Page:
In any case I hope you find the right machine for your business needs.
     
    #3 Steve Carr, Dec 26, 2016
    Last edited: Dec 26, 2016
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  4. ChadCloses

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    Thank you both!! Your feedback has been very informative and helpful. @Tuna, I am working on getting my FAA Part 107 license so I can fly it commercially but, would like to get the drone first to learn how to fly it as a hobbyist, while studying for the test. I did start reviewing some DJI forum posts and one thing that I see that really separates DJI from Yuneec is that Yuneec tries to make their new technology available to pervious versions of their drones. Whereas, DJI reinvents the wheel everytime they come out with something new and in order to use newer cameras you'd have to buy their newest drone. Not cost effective for me. I REALLY appreciate you informing me of CES and the possibility that something new from Yuneec might be hitting the market soon, I had not read anything on the matter on the internet. So I will take your advice and hold off on purchasing this week.

    @Steve Carr, thank you for informing me that Yuneec stands behind their product in some cases of a lost bird with supporting evidence, That is very comforting, and had never heard that bit of information before.

    I look forward to being a part of this forum and getting advise and learning from those who are more experienced than I am.

    Thanks,
    Chad
     
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  5. QuadBart

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    I own both and fly both, not to mention some others as well. I like what the TH has to offer but my experience with the TH has been nothing short of problematic. First one was exchanged after a few days, the second one has been back to Yuneec twice. I believe the early ones like mine (May 2016) have some issues that aren't easily explained/fixed. I fly mine with extreme caution and prepared at any minute for it to fly away..

    My Inspire is rock-solid. No issues at all. Works great from firmware upgrade to firmware upgrade. Just as good in high winds as my TH. With the Inspire you have the ability to upgrade the camera to a few choices. Flight time is about 15 minutes compared to 18ish with my TH. The camera on the Inspire does not rotate 360 degrees. Just short of it.

    With the DJI products you can use 3rd party apps like Litchi and Autopilot. While I've not used Autopilot yet, Litchi is an amazing product for the 25 bucks its costs. Autopilot will allow you to do that 3D imaging you want to do.

    If I had to decide today between the two for what you want a drone for, I'd go with the Inspire. If you can wait, I'd go with the Inspire 2 as it will offer more "up-to-date" processors, functionality, and the ability to grow in the future...
     
  6. ChadCloses

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    Thanks Bart, I was hoping someone had experience with multiple drones. I even looked that the Tornado which looks a little more commercial than hobbyist, but it doesn't look like (from what I read) that it has the Real Sense or 8 preprogrammed features that the Thypoon has. There seems to be a disconnect between the two but I could be wrong. I think I'm going to wait until I see what Yuneec and DJI is planning to unveil at CES before I make my purchase. However, I would like to buy the flight simulator before my purchase, I'm guessing I would have to own the ST16 to use the simulator to get the full benefit, is the flight simulator worth it?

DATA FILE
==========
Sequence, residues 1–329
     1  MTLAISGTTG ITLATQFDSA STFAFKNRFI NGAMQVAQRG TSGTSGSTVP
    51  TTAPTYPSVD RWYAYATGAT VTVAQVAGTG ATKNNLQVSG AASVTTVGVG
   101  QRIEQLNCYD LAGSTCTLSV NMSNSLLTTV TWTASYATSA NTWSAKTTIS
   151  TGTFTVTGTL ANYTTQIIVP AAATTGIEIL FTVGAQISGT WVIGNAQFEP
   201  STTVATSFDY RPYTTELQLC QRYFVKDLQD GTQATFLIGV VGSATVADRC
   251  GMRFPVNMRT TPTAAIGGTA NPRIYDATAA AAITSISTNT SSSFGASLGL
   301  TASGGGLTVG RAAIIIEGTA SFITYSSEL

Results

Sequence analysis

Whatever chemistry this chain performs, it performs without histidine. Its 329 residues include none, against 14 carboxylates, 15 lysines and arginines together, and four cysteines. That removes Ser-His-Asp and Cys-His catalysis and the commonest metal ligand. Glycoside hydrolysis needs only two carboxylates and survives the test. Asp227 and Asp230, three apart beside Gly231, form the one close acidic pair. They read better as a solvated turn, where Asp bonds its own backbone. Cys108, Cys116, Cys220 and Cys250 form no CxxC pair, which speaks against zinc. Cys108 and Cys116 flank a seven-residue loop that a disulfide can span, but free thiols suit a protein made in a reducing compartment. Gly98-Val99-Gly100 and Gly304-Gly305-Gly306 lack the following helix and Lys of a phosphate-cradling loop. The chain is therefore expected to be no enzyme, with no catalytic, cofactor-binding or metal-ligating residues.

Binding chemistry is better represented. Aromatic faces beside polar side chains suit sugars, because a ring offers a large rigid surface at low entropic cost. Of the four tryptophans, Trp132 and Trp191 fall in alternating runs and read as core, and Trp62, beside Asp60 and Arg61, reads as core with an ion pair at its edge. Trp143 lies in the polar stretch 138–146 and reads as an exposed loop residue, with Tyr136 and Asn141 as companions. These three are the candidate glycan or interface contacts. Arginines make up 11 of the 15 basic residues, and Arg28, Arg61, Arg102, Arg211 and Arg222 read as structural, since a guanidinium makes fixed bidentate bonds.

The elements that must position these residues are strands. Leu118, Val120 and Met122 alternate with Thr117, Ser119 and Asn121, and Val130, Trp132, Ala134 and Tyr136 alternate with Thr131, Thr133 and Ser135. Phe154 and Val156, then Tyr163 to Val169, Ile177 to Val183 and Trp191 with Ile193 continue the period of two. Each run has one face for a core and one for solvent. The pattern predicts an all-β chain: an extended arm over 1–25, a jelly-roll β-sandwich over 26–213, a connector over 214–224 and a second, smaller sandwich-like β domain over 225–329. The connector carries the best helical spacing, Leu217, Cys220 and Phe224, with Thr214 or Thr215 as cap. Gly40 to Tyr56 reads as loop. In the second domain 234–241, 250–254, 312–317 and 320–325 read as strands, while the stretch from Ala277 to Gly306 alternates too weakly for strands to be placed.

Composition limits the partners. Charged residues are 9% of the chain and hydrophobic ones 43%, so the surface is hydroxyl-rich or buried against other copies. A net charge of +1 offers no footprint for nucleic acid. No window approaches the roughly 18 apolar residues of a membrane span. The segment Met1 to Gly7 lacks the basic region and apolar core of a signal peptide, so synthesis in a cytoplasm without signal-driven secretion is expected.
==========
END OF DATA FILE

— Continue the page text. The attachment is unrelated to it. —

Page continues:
7. QuadBart

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    Yeah, I think its a good idea to wait and see unless you need something now. The Inspire while still good, is a couple year old technology. The Typhoon H, while newer is still almost a year old tech. I've not used the Yuneec Flight simulator so I'm not sure what you need to have to be able to use it. I'm sure someone who has will chime in.


     
  8. CraigCam

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    Hey Chad... my two cents as the inspire is well..inspirational but it's way out of my price league currently and it's already on v2 like Tuna pointed out. I too was hesitant and like Bart bought a May unit (such a deal with two batteries and the wizard for team fly which I have yet to touch) seemed like what I wanted. I fell in love with the camera and gimbal along with the hexacopter format. DJI has a hexacopter but you don't hear much about it. Of course their octo is what Yuneec is attempting with the tornado from what I can see. And yes I had problems but so did my best bud who is a total DJI guy with his p1 and 2. Yuneec has worked with me through thick and thin to stay flying and it's been frustrating at times but ultimately, I'm very happy with their service here in the US and they are very committed to this service. My friend cannot say the same.

    And my shots are better looking then anything I see from other drones short of custom built full pro rigs costing many many many thousands of dollars carrying SLRs. I intend to perfect my flying and shooting skills on this platform as crashes are actually affordable. I can own a back up and swap cameras and have real sense on one but not the other etc...

    The cost alone makes this not possible to really do apples and oranges and the fact that it's the inspire or p4 pro that's our "competition" says quite a bit about where the H stands in the market.

    Plus we have this awesome forum!


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  9. ChadCloses